Too Much Tea

Posted: Dec 12, 2008 9:21 AM
Too Much Tea

It's been a dozen years since Vice President Al Gore embarked on his infamous fundraising trip to a Buddhist temple, after which Attorney General Janet Reno, despite calls for a probe from within her Justice Department, declined to appoint an independent counsel to investigate.

Miss Reno concluded that Mr. Gore had not participated in White House conversations about using the contributions for the Clinton-Gore campaign, although a memo later surfaced from within the vice president's office suggesting otherwise.

At a loss for words when pressed by federal agents, Mr. Gore argued that he had been drinking a lot of iced tea that day and perhaps was in the bathroom when the dialogue turned to how to spend the money.

We recall this so many years later because Mr. Gore's unusual iced tea defense was brought up this week by Sen. Arlen Specter, ranking Republican on the Senate Judiciary Committee, when he spoke of the need to strengthen the Justice Department under its new Democratic leadership.

Mr. Specter not only was sharply critical of former Attorney General Alberto R. Gonzales for having "molded his views to accommodate his appointer," President Bush, he singled out Miss Reno for at least one lapse in judgment.

"There was the relatively notorious incident where the vice president was at a meeting and drank a lot of ice tea and absented himself from certain parts of the meeting where he ... had a rationale for not knowing certain things," the senator recalled.

"I questioned Attorney General Reno in detail about that during Judiciary Committee hearings and she said: 'Well, there just wasn't sufficient evidence.'"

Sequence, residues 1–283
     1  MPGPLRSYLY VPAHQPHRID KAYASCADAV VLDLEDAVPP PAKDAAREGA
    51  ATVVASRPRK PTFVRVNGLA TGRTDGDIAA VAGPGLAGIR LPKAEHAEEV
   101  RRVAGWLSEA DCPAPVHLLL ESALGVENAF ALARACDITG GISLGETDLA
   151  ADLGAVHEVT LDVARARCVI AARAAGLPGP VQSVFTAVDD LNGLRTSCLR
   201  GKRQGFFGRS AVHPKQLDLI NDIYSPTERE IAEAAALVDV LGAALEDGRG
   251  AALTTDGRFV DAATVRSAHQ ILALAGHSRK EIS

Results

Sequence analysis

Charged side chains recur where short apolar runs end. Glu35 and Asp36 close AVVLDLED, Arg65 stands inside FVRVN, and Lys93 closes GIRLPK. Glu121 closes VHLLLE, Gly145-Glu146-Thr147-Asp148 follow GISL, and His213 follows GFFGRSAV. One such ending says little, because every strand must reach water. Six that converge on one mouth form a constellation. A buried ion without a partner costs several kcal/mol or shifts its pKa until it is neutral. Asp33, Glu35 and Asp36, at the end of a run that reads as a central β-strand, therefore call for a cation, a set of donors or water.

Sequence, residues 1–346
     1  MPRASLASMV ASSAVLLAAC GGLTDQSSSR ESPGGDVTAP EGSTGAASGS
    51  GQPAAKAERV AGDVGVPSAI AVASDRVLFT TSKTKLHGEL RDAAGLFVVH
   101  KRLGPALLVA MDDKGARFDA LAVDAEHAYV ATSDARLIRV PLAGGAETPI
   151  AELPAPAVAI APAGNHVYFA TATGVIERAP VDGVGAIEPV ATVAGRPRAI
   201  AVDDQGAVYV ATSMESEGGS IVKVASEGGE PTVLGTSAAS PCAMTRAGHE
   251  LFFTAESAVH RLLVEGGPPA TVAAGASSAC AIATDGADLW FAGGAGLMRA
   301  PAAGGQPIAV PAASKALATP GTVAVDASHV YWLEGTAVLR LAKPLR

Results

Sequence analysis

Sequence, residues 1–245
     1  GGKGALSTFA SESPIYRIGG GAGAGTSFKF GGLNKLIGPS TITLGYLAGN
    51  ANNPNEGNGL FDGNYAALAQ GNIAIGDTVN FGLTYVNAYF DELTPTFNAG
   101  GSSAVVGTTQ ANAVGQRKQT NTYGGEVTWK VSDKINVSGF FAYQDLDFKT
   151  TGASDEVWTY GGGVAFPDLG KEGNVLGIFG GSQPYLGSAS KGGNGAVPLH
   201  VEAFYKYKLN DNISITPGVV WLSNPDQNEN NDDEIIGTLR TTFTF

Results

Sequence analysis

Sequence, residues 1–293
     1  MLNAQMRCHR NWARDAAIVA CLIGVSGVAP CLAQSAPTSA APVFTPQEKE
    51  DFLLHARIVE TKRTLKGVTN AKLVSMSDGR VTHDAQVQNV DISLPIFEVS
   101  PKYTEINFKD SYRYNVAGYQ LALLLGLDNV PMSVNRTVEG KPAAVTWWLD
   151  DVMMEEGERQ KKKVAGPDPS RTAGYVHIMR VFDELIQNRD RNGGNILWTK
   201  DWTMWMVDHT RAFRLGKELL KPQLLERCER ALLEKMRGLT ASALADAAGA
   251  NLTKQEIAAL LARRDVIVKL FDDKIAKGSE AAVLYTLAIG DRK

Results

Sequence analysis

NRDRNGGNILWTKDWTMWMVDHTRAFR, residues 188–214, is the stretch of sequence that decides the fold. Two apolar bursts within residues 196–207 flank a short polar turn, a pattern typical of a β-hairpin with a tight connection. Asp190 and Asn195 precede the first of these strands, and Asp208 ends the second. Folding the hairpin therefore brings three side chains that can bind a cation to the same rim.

As for the upcoming confirmation hearings for President-elect Barack Obama's attorney general-designate, Eric Holder, Mr. Specter stressed there "is no intent on my part or on the part of any of my colleagues on the Republican side of the aisle to engage in partisan sniping."


"Danny Glover was the hit of the night, especially because the audience wasn't expecting him," notes Washington malpractice lawyer Jack Olender.

The annual Olender Foundation Awards ceremony, held this week at the Ronald Reagan Building & International Trade Center, featured Mr. Glover as a surprise presenter. The renowned actor and humanitarian activist received a long standing ovation from the large audience before presenting the Advocate for Justice Award to Michigan Democratic Rep. John Conyers Jr., chairman of the House Judiciary Committee and leading voice in the Congressional Black Caucus.

The foundation's America's Role Model Award, among other honors, went to Dr. Alfredo Quinones-Hinojosa, who in his teens came illegally to the United States from Mexico as a farm worker. He's gone on to become one of the nation's leading brain cancer surgeons and president of the Brain Cancer Research for a Cure Foundation.


We've just caught up with former Washington Times "Inside the Beltway" columnist W.J. "John" Elvin III, who is editor and publisher of Fiona, his new annual publication in book format of strange and mysterious stories.

"'Fiona' takes its name from the elusive Scottish romantic poetess and writer Fiona Macleod," Mr. Elvin educates. "Though sought by admirers, suitors and literary investigators, she was never actually seen in person. Upon the death of writer William Sharp it was revealed that, as had been suspected in some quarters, he, in fact, was Fiona Macleod."

As for what readers will discover in the pages of "Fiona: Mysteries and Curiosities of Literary Fraud and Folly," Mr. Elvin recalls that "strange and intriguing stories, fascinating to book lovers, are found in the field of literary detection. These include mysterious cases of forgery, fraud, hoaxes, false memoirs, fake discoveries, travel to nonexistent locales and related crime and mischief."

Among other questions and controversies Mr. Elvin explores: Did someone in China write the Dead Sea Scrolls?; Parson Weems to the contrary, George Washington apparently swore a false oath; and biographers may insist, but John Paul Jones did not say "I have not yet begun to fight."

Retail price of this first edition is $19.95, "but I'd send a single copy to any of your readers for $10, postpaid, if they write me at P.O. Box 286, Upper Fairmount, Md. 21867. That's down near Pocomoke if you know the area, home to world famous oyster shuckers and chicken pluckers."